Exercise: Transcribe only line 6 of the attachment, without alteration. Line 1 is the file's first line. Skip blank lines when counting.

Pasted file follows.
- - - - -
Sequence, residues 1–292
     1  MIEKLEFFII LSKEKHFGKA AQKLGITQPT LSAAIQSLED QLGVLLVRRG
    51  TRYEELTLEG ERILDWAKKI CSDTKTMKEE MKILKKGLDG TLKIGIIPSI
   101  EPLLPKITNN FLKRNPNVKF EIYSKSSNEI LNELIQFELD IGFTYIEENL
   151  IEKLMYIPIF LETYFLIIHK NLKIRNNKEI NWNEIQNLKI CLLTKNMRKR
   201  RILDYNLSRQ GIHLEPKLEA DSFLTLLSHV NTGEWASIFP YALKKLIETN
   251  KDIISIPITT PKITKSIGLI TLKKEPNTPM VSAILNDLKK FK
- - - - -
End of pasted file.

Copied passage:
   201  RILDYNLSRQ GIHLEPKLEA DSFLTLLSHV NTGEWASIFP YALKKLIETN